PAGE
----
♦ Notify your supervisor of any problems such as mental stress, fatigue, or illness that may affect your fitness for duty, or your ability to safely and competently perform your duties. If you are undergoing prescribed medical treatment with a controlled substance, you should report this treatment to your supervisor. Refer to the ROG Specific Study Guide(s) for site requirements on reporting medication. ♦ Prevent and report actions that threaten our company or co-workers (includes reporting personnel with symptoms of substance abuse). ♦ Report to your supervisor instances of violation of the FFD program and/or procedures that might adversely impact safe operation of the plant. ♦ The decision to report the detected odor of alcohol should not be based on whether the odor is either slight or strong. When alcohol is detected, it is your responsibility to immediately get a supervisor involved. Failure to tell a supervisor after you detect the odor of alcohol on someone is a violation of the FFD Program and will result in your denial of access. ♦ Report any previous denial of unescorted access, positive chemical test, or involuntary participation in a substance abuse treatment program. ♦ If you have been arrested for a city ordinance violation, misdemeanor, or felony (except non-injury traffic or parking offenses), PROMPTLY report the arrest to your immediate supervisor. For site specific information on reporting arrests, refer to the ROG Specific Study Guide(s). ♦ Cooperate with the Chemical Testing program. Failure to do so may result in discharge and/or denial of unescorted access. Individuals providing specimens that have been adulterated or substituted are considered to be in violation of the Fitness For Duty policy and will be denied unescorted access. ♦ You also have the right to privacy at the collection site unless there is reason to believe that you will tamper with, alter, or substitute a specimen. ♦ Personal information collected for the FFD program will be protected and will not be disclosed except as required by the appropriate procedure. ♦ You shall report a leave of absence of thirty (30) days or more to your supervisor prior to leaving if you are not in a Continual Behavior Observation Program. Examples Include: * Vacation for more than 30 days * Leave of absence for any reason * Working from home N: Public N-GET Study Guide N-GET Study Guide_Body.doc.doc NUCLEAR - GENERAL EMPLOYEE TRAINING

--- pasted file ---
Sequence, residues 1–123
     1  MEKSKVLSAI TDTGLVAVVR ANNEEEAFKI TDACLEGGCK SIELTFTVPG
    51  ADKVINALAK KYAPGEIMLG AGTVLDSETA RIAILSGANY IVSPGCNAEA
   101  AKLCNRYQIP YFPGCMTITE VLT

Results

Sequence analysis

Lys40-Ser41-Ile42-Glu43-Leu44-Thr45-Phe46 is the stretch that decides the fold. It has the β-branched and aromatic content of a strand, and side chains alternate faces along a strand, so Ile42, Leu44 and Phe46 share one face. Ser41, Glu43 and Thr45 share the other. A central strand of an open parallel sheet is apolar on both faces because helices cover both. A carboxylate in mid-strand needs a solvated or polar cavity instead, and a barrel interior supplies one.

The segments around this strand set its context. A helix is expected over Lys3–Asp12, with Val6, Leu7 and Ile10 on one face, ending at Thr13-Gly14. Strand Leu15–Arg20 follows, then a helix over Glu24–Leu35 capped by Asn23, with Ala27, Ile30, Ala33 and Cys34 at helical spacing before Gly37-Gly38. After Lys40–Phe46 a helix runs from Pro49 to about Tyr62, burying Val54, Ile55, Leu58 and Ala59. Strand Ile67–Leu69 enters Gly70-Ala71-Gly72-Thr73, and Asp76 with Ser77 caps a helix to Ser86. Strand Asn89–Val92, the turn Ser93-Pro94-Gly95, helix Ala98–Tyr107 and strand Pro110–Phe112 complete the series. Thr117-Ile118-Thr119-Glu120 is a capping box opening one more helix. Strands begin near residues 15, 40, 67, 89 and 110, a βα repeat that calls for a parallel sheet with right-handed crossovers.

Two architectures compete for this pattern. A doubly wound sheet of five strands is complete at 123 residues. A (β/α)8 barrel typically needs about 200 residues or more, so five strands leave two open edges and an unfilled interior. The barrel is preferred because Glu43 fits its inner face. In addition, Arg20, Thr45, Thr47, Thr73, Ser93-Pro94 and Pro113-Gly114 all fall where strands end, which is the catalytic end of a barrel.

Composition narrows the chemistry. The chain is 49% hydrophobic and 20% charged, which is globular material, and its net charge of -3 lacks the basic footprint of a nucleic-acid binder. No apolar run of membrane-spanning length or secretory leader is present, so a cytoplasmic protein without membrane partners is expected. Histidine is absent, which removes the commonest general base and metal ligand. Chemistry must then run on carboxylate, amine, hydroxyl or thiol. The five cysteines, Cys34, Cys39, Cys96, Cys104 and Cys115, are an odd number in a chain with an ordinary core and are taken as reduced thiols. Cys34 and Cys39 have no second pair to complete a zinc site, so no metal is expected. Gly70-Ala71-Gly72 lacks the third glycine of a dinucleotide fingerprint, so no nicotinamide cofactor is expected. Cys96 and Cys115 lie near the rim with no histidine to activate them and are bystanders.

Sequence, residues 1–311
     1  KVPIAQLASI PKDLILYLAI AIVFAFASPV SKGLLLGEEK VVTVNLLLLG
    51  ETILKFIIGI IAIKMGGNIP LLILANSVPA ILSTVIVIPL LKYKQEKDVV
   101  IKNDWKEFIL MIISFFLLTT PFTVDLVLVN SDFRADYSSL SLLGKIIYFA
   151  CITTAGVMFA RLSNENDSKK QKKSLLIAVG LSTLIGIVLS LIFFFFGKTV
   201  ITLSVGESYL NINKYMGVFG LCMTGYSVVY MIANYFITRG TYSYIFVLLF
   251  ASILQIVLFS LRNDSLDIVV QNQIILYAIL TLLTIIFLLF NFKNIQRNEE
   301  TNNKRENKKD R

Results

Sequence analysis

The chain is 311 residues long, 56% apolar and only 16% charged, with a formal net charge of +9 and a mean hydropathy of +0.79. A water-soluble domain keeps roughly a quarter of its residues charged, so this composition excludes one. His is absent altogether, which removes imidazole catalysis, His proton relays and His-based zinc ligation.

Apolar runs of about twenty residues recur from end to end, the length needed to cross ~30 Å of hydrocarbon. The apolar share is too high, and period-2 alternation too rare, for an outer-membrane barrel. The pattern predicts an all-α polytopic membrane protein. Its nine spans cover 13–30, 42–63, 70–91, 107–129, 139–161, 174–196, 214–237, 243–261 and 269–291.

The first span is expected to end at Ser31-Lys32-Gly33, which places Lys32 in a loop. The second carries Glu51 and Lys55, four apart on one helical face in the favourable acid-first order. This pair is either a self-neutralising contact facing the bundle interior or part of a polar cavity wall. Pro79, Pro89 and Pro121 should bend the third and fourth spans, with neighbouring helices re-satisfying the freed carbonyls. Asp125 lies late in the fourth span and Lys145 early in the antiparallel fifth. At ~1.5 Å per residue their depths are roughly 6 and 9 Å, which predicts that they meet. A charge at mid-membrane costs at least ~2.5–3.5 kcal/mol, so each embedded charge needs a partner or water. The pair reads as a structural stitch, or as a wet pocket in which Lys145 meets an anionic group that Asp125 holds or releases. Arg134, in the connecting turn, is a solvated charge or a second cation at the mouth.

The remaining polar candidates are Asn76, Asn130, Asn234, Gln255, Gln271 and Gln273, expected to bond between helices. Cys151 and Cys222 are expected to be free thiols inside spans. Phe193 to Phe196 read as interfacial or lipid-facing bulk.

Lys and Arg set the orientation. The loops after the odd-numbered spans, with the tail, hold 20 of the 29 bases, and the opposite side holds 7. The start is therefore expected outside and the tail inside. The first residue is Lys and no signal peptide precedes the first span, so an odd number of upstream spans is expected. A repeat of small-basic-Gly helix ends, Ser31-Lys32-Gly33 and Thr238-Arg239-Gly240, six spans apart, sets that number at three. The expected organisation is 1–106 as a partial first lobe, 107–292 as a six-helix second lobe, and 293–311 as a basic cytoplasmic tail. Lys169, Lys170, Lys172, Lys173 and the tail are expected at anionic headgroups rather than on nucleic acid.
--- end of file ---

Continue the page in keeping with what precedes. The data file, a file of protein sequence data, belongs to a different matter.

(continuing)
Identify commonly used drugs